Renewable Energy Festival puts power in people’s hands | WWF South Africa

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Renewable Energy Festival puts power in people’s hands

Energy experts, artists, musicians, crafters, activists, business people and the public attended South Africa's first-ever Renewable Energy Festival. 

In a first for South Africa, WWF, the Alternative Information and Development Centre (AIDC), the Rosa Luxemburg Foundation and the City of Cape Town co-hosted an open festival dedicated to renewable energy. The venue, the city’s Green Point Urban Park, saw almost 6 000 environmentally minded visitors pass through on Saturday, 8 February.

Energy experts, artists, musicians, crafters, activists, business people and the public came to the festival from all over Cape Town as well as surrounding areas in the province.

The aim of the festival was to grow public support for the use of renewable energy as a solution to South Africa’s triple crises of energy, environment and unemployment. Climate change and its economic, social and environmental impact are matters of pressing global concern and the battle between the use of fossil fuels and renewable energy is proving to be a new site of economic strife.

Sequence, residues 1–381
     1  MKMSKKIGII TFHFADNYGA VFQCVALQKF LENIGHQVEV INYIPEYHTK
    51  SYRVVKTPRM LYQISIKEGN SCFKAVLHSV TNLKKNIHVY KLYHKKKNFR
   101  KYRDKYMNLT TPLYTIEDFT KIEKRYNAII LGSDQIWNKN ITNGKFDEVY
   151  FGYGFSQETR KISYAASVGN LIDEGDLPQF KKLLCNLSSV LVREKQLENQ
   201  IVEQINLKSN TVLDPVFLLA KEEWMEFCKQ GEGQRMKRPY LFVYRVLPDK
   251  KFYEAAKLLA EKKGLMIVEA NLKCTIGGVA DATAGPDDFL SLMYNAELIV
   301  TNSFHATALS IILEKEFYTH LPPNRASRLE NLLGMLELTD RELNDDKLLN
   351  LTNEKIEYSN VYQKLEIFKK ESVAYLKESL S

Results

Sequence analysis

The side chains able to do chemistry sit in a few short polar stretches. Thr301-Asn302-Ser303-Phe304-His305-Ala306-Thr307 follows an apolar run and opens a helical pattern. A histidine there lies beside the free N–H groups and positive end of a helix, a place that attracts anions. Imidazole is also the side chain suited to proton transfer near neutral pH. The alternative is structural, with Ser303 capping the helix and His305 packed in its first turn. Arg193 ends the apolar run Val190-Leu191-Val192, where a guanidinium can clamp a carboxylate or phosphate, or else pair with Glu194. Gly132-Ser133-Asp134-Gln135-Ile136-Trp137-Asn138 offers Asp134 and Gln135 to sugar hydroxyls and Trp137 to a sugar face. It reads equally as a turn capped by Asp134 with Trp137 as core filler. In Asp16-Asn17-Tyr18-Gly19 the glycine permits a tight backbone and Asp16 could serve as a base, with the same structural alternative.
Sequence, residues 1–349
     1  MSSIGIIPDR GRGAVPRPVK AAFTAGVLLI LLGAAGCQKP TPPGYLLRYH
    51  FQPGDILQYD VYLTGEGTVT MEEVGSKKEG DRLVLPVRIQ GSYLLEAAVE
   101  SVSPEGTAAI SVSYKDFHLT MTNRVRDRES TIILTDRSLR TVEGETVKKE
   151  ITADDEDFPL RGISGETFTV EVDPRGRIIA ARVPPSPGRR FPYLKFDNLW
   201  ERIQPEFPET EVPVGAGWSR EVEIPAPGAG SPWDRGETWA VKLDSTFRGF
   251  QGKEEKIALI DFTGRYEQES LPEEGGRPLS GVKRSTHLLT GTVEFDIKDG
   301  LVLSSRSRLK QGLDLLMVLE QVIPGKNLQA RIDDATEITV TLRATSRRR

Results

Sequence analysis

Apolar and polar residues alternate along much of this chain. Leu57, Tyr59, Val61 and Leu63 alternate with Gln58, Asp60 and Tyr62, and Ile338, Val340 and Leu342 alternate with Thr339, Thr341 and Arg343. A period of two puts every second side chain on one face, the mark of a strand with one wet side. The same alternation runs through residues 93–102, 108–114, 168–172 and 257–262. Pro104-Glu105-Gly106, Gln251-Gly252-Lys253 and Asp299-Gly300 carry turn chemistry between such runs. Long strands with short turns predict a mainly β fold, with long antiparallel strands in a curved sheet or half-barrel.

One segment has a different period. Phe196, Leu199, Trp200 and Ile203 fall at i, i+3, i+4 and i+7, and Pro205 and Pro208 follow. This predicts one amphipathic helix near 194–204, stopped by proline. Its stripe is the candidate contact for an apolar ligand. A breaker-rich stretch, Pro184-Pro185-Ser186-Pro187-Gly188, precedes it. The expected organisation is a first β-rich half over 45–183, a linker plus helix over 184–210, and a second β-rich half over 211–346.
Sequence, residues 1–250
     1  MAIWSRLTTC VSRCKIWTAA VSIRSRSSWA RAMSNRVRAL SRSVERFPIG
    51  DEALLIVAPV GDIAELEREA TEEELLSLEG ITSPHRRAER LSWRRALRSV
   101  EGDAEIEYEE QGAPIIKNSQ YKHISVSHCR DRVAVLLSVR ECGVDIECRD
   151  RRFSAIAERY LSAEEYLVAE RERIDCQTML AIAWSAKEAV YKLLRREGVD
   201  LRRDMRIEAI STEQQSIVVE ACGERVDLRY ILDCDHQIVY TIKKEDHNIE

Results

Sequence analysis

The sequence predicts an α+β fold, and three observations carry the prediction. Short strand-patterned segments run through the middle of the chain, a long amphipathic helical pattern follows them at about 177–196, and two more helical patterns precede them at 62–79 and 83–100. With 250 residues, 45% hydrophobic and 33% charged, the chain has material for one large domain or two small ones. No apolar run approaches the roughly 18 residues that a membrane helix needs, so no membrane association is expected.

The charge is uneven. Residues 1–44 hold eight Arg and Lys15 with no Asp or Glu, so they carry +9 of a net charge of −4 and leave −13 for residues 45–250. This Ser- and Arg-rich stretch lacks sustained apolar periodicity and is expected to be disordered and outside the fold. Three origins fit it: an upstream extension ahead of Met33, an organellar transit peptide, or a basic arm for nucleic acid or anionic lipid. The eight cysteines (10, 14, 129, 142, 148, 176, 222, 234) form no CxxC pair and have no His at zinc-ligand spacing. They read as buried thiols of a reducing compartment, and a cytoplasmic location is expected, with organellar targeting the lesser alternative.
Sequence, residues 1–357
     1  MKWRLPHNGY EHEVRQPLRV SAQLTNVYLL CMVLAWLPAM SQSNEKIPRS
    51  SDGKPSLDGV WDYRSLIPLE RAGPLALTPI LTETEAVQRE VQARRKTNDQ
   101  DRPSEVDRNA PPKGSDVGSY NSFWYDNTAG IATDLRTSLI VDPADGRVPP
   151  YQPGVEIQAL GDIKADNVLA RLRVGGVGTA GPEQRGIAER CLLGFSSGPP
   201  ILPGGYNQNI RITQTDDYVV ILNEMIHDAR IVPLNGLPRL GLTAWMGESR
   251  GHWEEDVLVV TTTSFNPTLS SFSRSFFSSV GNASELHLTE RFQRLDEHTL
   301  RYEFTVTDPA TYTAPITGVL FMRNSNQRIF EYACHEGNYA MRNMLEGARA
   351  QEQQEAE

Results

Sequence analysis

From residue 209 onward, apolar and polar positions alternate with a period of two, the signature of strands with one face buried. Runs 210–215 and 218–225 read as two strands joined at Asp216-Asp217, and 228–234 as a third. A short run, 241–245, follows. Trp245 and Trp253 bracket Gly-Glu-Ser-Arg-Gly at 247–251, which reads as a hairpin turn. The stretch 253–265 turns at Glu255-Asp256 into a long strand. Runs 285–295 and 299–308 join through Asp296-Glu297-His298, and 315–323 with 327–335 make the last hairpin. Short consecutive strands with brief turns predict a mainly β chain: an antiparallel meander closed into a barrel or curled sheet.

Festival goers attended educational seminars and debates and a mini film festival focusing on hot topics such as ‘fracking’ and nuclear power. There also was an interactive exhibition showcasing renewable energy technology and projects. Meanwhile, the event was sound-tracked by a line-up of top musical talent include Hot Water, the Gugulethu Tenors and Matthew Gold and The Kiffness.

“It was fantastic to see so many people participate in the various learning forums and visit the exhibitors to learn more about renewables and climate change,” said Saliem Fakir, the Head of WWF’s Living Planet Unit. “But more importantly it showed that South Africans want to know more about renewables, and events such as this one are important for informing the public and communities about energy issues.” 
The Panda made its presence felt during the Renewable Energy Festival, which attracted almost 6 000 visitors.

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